There were significant changes that occurred in women’s clothing styles between the war years of the 1940s and the 1950s. The conservative, tailored, sobriety of the earlier decade gave way to a lush glamour in the later one. This was largely due to the influence of the French couturier Christian Dior whose fashion house helped to put Paris firmly back at the center of the fashion world in the post-war years beginning in 1947 with the introduction of his first collection Corolle, or the botanical term “corolla”, translated as a “circlet of flower petals” in English. Dubbed the “New Look” by Carmel Snow editor-in-chief of Harper’s Bazaar magazine Dior’s silhouettes captured the imaginations of fashionable women. Although there was initial push back from some segments of the market, i.e. those women who preferred shorter skirts and fewer strictures in styling, Dior’s ultra-feminine, wasp-waisted, voluptuous designs came to define the world of women’s fashions for much of the 1950s.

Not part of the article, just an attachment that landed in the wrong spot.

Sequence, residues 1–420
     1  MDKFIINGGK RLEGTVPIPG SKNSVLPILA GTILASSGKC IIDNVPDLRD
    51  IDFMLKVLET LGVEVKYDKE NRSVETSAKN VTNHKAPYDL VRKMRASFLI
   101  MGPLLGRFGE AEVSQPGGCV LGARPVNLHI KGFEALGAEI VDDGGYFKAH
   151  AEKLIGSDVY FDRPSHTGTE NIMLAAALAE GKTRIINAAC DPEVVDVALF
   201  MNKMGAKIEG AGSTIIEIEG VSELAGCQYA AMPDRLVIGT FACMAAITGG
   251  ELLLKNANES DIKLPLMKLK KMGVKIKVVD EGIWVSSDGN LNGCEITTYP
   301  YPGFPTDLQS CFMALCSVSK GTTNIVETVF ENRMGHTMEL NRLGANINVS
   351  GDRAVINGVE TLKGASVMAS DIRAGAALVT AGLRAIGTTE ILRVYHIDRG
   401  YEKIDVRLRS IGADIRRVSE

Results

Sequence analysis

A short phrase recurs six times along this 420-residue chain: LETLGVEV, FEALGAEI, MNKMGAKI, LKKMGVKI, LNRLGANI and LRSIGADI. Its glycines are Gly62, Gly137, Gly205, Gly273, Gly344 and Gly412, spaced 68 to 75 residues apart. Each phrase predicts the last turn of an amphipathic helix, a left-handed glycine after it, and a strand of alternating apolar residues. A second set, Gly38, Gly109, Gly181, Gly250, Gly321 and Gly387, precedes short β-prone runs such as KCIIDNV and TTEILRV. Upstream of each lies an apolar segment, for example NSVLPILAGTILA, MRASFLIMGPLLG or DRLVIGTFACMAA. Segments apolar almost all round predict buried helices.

Developed by Guest Curator, James Hanley
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